The cooling efficiency ratio (CER) and the carbon usage effectiveness (CUE) are not designated for indicator data collection or calculation. Uptime Institute recommended that the EC collect the energy used and produced from the cooling system as well as the cooling system type to enable the EC to understand the relationship between CER, WUE and the cooling system type.

Table 4. The use of EN 50600-4 data center metrics for EED reporting

Table 4. The use of EN 50600-4 data center metrics for EED reporting

Public reporting of location-specific information

Table 5 lists the location-specific information that the EC recommends being made available to the public.

Table 5. The public reporting of indicator data and metrics

Table 5. The public reporting of indicator data and metrics

These data elements will reveal a significant level of detail about individual data center operations and will focus scrutiny on operators that are perceived as inefficient or using excessive quantities of energy or water. Operators are advised to look at their data from 2020 to 2022 for these elements. They will need to consider how the public will perceive the data, determine the appropriateness of creating an improvement plan and develop a communication strategy to engage with stakeholders the company’s management of its data center operations.

EU member states and EU-level reporting will provide aggregated data to detail the overall scope of data center operations in the individual jurisdictions. 

Data center efficiency rating systems and thresholds

The Task B report looks at the variety of sources on which the EC has built its data center efficiency rating systems and thresholds. In particular, the report evaluates:

  • A total of 25 national and regional laws, such as North Holland regional regulation.
  • Voluntary initiatives, such as the European Code of Conduct for Energy Efficiency in Data Centres.
  • Voluntary certification schemes, such as Germany’s Blauer Engel Data Centers ecolabel.
  • Building-focused data center certification schemes, such as the Leadership in Energy and Environmental Design (LEED) and Building Research Establishment Environmental Assessment Method (BREEAM).
  • Self-regulation, such as the Climate Neutral Data Center Pact.
  • A maturity model for energy management and environmental sustainability (CLC/TS 50600-5-1).

The report distills this information into four of the most promising options.

  1. Minimum performance thresholds for PUE and REF. These could be based on current commitments, such as those by the Climate Neutral Data Center Pact, and government targets for minimum renewable energy consumption percentages.
  2. Information requirements in the form of a rating-based labeling system. This would likely be differentiated by data center type and redundancy level, and built on metric performance thresholds and best practices:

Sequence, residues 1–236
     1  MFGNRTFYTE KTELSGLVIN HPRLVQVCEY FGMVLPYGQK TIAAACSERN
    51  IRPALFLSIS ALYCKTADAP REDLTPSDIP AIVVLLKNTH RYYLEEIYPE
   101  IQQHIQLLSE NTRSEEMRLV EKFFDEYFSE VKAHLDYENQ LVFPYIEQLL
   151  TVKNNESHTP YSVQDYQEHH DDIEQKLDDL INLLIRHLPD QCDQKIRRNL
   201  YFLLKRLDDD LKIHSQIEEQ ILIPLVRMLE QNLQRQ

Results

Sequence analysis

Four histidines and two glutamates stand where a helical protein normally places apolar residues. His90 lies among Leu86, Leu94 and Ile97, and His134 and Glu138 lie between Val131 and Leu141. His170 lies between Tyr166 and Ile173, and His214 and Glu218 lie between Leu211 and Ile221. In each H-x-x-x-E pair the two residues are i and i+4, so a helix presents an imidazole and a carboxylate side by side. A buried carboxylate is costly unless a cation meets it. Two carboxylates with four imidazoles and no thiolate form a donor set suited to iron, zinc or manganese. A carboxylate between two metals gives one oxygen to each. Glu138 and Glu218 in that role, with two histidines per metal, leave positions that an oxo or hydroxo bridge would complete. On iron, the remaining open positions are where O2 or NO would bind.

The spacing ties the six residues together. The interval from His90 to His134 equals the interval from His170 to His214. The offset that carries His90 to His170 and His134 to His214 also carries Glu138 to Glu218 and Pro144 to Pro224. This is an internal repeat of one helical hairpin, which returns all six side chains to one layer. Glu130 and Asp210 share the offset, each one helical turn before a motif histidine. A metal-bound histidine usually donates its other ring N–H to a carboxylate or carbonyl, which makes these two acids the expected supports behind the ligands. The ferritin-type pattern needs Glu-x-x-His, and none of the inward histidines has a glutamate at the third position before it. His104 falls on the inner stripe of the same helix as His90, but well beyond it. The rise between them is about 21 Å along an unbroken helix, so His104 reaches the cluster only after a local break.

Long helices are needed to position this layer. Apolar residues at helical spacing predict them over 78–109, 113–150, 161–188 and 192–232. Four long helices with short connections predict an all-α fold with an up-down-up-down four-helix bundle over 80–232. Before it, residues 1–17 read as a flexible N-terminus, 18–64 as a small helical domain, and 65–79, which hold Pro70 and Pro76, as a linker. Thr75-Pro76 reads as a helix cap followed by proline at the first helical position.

• Mandatory system. A multi-level rating system based on efficiency metric thresholds with a minimum number of energy management best practices.
    • Voluntary system. Pass / fail performance criteria will likely be set for a mix of efficiency metrics and best practices for energy management.
  3. Information requirements in the form of metrics. Indicator data and metric performance results would be published annually, enabling stakeholders to assess year-to-year performance improvements.

Integrating the Task A through C reports, the EC appears poised to publish the performance indicator data and metrics calculations detailed in option 3 in the above list for the May 15, 2024 public report. The EC’s intent seems to be to collect sufficient data to assess the current values of the key metrics (see Table 4) at operating data centers and the performance variations resulting from different data center types and redundancy levels. This information will help the EC to select the best set of metrics with performance threshold values to compel operators to improve their environmental performance and the quantity of work delivered for each unit of energy and water consumption.

Unfortunately, the EC will have only the 2024 data reports available for analysis ahead of the second assessment’s deadline of May 15, 2025, when it will recommend further measures. The quality of the 2024 data is likely to be suspect due to the short time that operators will have had to collect, aggregate, and report this data. It would benefit the European Parliament and the EC to delay the second assessment report until March 2026.

This extension would enable an analysis of two years’ worth of data reports, give operators time to establish and stabilize their reporting processes, and the EC time to observe trends in the data to improve their recommendations.


The details of the EED data reporting requirements are slowly coming into focus with the publication of the draft Task B and Task C reports. There is the potential for some changes to both the final, approved EED and the final Task A to D reports that will be delivered to the European Parliament by the end of 2023, but they are likely to be minimal. The EED was approved by the European Parliament on July 11, 2023 and is scheduled for Council approval on July 27, 2023, with formal publication two to three weeks later.

The broad outline and most of the specifics of the required data reports are now clearly defined. Operators need to move quickly to ensure that they are collecting and validating the necessary data for the May 15, 2024 report.

A significant exception is the lack of clarity regarding the measurements and methodologies that IT operators can use to estimate their server work capacity and utilization. The data center industry and the EC need to develop, approve and make available the data sets and methodologies that can facilitate the calculation of these indicators.

The Uptime Intelligence View

The EC is quickly converging on the data and metrics that will be collected and reported for the May 15, 2024 report. The publicly reported, location-specific data will give the public an intimate view of data center resource consumption and its basic efficiency levels. More importantly, it will enable the EC to gather the data it needs to evaluate a work per energy metric and develop minimum performance thresholds that have the potential to alter an IT manager’s business goals and objectives toward a greater focus on environmental performance.